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Ending the HIV Epidemic Is Within Our Reach

  • Category: Living Well
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  • Written By: Dr. Lauren Richey & Kristen Darbyshire
Ending the HIV Epidemic Is Within Our Reach

In June, the world marked 40 years since the first reported AIDS case. While there has been tremendous progress in treatment, work remains to end the epidemic. Ending the Epidemic: Equitable Access, Everyone’s Voice is the theme for both the 33rd annual World AIDS Day, observed on December 1, and the 8th annual NOLA HIV Awareness Week, observed November 28-December 4.

What does ending the epidemic mean? It means that we have the tools now to end HIV/AIDS through prevention, early diagnosis, and treatment.

More than one million people in the U.S. have HIV, also known as the human immunodeficiency virus, which leads to acquired Immunodeficiency syndrome (AIDS) if left untreated. The New Orleans metropolitan area has the highest number of persons living with HIV/AIDS in Louisiana at 8,642.

In 2019, the Department of Health and Human Services launched a 10-year initiative called Ending the HIV Epidemic in the United States. The goal is to reduce the number of new HIV infections in the U.S. to fewer than 3,000 per year by 2030 through four key strategies: Diagnose, Treat, Prevent, and Respond.

Know your status

A key message is that everyone should know their HIV status. One out of every seven people living with HIV are unaware of their status. Once they are aware, they then can take steps to address their health and to prevent transmission to others. Everyone should know their HIV status.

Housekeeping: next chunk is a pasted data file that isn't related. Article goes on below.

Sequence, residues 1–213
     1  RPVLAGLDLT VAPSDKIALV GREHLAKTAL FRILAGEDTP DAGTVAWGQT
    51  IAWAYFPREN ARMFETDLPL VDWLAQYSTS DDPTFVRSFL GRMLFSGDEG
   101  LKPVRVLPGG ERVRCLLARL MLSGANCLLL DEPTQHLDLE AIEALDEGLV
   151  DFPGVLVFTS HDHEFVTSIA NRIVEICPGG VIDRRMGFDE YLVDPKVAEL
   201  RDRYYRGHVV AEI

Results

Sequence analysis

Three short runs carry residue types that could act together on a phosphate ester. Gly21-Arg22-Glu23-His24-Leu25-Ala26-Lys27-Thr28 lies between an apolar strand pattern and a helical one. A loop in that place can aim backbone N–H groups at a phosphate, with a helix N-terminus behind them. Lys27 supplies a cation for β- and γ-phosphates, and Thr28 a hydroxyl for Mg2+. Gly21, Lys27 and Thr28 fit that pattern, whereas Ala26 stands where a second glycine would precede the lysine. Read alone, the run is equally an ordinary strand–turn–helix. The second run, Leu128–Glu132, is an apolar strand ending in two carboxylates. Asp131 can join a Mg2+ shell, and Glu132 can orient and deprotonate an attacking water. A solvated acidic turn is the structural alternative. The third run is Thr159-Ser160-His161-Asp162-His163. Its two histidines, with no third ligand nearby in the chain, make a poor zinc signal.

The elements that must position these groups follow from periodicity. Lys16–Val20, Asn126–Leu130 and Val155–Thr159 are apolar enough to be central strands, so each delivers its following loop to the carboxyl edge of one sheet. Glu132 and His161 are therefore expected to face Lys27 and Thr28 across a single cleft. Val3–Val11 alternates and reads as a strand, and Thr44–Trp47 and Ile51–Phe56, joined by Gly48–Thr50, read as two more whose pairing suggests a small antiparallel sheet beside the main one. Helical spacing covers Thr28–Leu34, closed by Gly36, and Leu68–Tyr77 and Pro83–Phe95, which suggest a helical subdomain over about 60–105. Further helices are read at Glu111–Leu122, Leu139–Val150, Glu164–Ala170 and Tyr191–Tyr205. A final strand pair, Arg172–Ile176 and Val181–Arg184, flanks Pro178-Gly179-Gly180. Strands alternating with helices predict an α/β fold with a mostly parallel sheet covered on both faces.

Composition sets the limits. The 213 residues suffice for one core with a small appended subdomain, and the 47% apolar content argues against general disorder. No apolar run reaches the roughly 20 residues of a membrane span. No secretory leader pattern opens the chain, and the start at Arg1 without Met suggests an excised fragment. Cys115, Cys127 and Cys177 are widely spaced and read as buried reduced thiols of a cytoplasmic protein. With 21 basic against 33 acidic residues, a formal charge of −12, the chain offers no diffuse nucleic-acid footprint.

Prevent new infections

We can prevent new HIV transmissions by using proven interventions, including condom use, regular screening, and routine testing. We also now have an effective medication for reducing the risk of infection. PrEP is a daily pill that reduces the risk of getting HIV by 99% if taken as prescribed, according to the Centers for Disease Control and Prevention. Most insurance covers PrEP and most primary care providers can prescribe PrEP. However, it is estimated that only one out of every four people that would benefit from PrEP in fact use it. Under the Ending the Epidemic Initiative, HHS launched a nationwide program called Ready, Set, PrEP to expand access and to provide PrEP medications at no cost to individuals who qualify.

Treatment options

People living with HIV are usually prescribed antiretroviral therapy (ART) as soon as possible after diagnosis. People who take HIV medication daily as prescribed can achieve viral suppression and have nearly the same life expectancy as someone who does not have HIV. Someone who has achieved and maintains durable viral suppression cannot sexually transmit the virus to others. This is sometimes called U=U (Undetectable equals Untransmittable). This is also referred to as treatment as prevention (TasP).

It is exciting to know that we can end the HIV Epidemic. With a targeted approach, it is within our reach.

University Medical Center’s HIV Outpatient Program (HOP), part of Infectious Disease vCare, provides comprehensive care for people living with HIV. We serve as their primary care provider and their HIV specialist. We offer other subspecialties for patients within the HIV Outpatient Program (HOP): psychiatry, psychology, pulmonology, palliative care, ophthalmology, dental, renal, nutrition, social services, health education, and medication assistance.

We also offer PrEP services for people who want to prevent getting HIV. If you would like more information on the HOP program at University Medical Center or to make an appointment, call 504.702.4344.

Lauren Richey, MD, MPH, FIDSA is the Medical Director of the HIV Outpatient Program and an Associate Professor of Medicine at LSU Health New Orleans

Kirsten Darbyshire, MBA, is manager of Grant Funding in the HIV Outpatient Program